This letter was written by Capt. Drury James Burchett (1842-1929) of the 14th Kentucky Infantry. Drury was born in Floyd, Kentucky on 15 August 1842 to Armsted Burchett (1816-1894) and Rebecca Pigg (1820-1900).
A family biography for Drury J. Burchett claims that his youth “was spent much as that of any farmer’s son of his generation. The common schools gave him his educational opportunity, and on the farm he learned to make himself useful from earliest childhood. In 1849 he accompanied his father to Louisa, and there he continued attending school. When the long-brewing troubles between the two sections of the country resulted in the declaration of war he espoused the cause of the North and enlisted in Company K, Fourteenth Kentucky Volunteer Infantry, and became a private in the Union Army. In November, 1861, he was promoted to first lieutenant, and commanded his company, and in February, 1862, was made captain of his company. On August 6, 1864, he was commissioned major of his regiment, and was discharged with this rank January 31, 1865.
“Returning to Louisa, Kentucky, Major Burchett went into business, and remained there for a time, during which period he was nominated for Congress, but was defeated by only 129 votes, a remarkable showine for a republican in a strong democratic district. He was later appointed by President Harrison United States marshal for Kentucky, and served as such for four years and two months. A man of big ideas, he saw the necessity for a first-class banking institution at Louisa, Kentucky, organized it, and had served as its president for fifteen years when, in 1900, he came to Mount Sterling and was induced to interest himself in the Traders National Bank. In 1912 he was elected its president, and still holds that office.
“On March 15, 1865, Major Burchett married Adelaide Jones, and they became the parents of six children, of whom the following are living: Mary R., who is the wife of T. F. Ratcliff; Emma, who is the wife of George R. Vincent, cashier of the First National Bank of Louisa; John C., who is engaged in the lumber business at Williamson, West Virginia; Drury J., Jr., who is in the coal business in Pike County Kentucky. Mrs. Burchett died February 12, 1890.
“On April 30, 1896, Major Burchett married Miss Annie Regan, who was born in Montgomery County, Kentucky, in 1847. Major Burchett belongs to the Methodist Episcopal Church at Louisa.” This letter is addressed to “My dear Annie” — not Adelaide whom he married the following year. It isn’t clear whether this letter was addressed to Annie Regan (his second wife) who was then 17 years old.
Lost Mountain served as the southwesterly anchor of a ten-mile Confederate defensive line commanded by Gen. Joseph E. Johnston against Union troops under Gen. William T. Sherman marching toward Atlanta preceding the battle of Kennesaw Mountain which took place on 27 June 1864.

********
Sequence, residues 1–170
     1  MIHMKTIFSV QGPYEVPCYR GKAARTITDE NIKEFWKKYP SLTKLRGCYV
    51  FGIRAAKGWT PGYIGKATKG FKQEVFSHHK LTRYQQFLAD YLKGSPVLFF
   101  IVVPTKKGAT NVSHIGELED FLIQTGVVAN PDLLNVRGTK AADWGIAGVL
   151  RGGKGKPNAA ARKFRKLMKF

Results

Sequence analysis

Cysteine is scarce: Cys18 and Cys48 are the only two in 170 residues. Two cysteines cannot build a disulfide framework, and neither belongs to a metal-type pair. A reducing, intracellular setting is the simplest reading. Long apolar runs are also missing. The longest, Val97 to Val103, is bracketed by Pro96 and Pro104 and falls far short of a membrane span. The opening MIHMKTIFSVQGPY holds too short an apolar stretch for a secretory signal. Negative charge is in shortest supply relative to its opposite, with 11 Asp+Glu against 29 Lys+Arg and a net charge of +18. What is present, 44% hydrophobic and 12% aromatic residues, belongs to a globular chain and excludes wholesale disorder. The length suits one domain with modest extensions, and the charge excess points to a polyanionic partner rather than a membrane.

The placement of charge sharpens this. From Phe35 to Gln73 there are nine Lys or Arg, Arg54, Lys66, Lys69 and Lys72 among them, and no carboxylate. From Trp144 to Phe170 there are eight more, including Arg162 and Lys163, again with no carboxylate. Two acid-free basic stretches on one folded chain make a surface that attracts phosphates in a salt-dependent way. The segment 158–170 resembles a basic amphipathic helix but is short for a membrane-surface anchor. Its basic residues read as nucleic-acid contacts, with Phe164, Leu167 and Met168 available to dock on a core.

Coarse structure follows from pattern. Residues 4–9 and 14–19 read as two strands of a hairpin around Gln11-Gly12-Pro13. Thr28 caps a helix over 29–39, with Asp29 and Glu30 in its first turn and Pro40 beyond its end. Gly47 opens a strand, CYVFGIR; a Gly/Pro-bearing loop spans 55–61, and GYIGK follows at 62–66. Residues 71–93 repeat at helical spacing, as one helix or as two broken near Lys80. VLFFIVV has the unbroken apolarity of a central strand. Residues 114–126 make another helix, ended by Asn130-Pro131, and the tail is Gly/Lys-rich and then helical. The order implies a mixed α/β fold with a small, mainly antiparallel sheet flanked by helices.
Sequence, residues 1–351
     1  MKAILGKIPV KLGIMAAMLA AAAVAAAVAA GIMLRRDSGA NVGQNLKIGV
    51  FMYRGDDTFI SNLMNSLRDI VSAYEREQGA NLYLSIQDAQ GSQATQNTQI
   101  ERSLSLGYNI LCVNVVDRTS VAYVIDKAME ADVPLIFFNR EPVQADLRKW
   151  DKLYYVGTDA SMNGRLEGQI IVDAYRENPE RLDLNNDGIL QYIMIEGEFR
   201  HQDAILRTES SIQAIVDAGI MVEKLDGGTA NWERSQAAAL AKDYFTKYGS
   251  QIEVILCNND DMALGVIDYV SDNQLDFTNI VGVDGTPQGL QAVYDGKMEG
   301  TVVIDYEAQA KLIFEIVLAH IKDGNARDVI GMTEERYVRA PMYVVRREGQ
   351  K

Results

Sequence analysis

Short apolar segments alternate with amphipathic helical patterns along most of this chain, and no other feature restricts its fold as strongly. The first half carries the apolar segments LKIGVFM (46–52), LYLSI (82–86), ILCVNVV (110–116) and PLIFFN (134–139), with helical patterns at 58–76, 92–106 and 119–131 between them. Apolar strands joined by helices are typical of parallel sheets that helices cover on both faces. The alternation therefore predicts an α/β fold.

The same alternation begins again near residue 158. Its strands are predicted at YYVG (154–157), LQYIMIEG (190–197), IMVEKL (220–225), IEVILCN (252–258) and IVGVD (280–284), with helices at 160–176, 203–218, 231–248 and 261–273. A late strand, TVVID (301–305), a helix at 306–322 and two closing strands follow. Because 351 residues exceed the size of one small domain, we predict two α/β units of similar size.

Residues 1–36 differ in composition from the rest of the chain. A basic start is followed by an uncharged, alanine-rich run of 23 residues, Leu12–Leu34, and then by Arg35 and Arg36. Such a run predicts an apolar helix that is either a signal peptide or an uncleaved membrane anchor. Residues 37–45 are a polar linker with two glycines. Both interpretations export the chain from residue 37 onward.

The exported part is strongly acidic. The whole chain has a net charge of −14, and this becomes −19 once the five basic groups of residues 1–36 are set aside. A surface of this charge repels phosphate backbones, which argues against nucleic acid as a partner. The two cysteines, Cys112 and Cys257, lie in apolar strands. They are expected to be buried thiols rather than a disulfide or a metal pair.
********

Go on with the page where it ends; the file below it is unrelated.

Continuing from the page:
Addressed to Mr. Joseph Sanborn, Ross Corner, [York County] Maine
Postmarked Portland, Maine
Camp in front of Lost Mountain in the woods, [Cobb County] Georgia
June 14th 1864
My Dear Annie,
Altho I was in the skirmish line last night and feel very bad, I must surely acknowledge the receipt of the photograph of your noble self. Oh how glad was I when I opened the letter and found what I so anxiously looked for. I can’t tell nor express myself here. I was out quite a distance in front of our line of battle on skirmish duty. I wanted to see Col. [George W.] Gallup ¹ on some business. I went back to the regiment [and] just got there as the mail did when I was honored with a letter from my dear little Ann. I never thought that you loved me as I now think you do. I am glad to know and think that I am not forgotten by one who I love so devotedly as I do Annie. I hope you have the same opinion as me.
I will tell you we moved forward yesterday evening again. We are now in the woods, built up breastworks where we are at present, not knowing how long we will remain here. We moved the enemy from their first line of works yesterday. Oh what a roar of musketry and artillery. It was terrible all day yesterday and part of last night. Our regiment was not engaged in the last fight and I can speak for myself I would be perfectly willing not to hear another gun during my term of service. Some of our brave officers wanted to leave ____ and go to some large army where they could win for themselves lasting honor. [Take] my word for it, they are all satisfied and would give anything to be now on s____.
I have no news to tell you this morning. I [had] written yesterday and gave you all the news. I am very sorry that I have not any photographs to send you and I have no chance to get any now as we are so far from any place in the world. You must not think hard of me. I can’t help not having any now.
I do not expect you can read this poorly written letter. I am so sleepy I can scarcely see, not having any sleep last night, of course, I can’t help it. I will close. Give my kindest regards to the family and every person. Write soon and often. I am as ever yours, — D. J. Burchett
¹ In 1864, Col. George W. Gallup was ordered to the Mississippi Department and placed in command of the 1st Brigade, 2nd Division, 23rd Army Corps, at Kingston, Ga., and thereafter took part in the Atlanta Campaign until the city surrendered, being in the battles of Kennesaw Mountain, Peach Tree Creek, Jonesborough, and others. The 14th Kentucky held back and checked the enemy advance on the Marietta Road on 23 June 1864.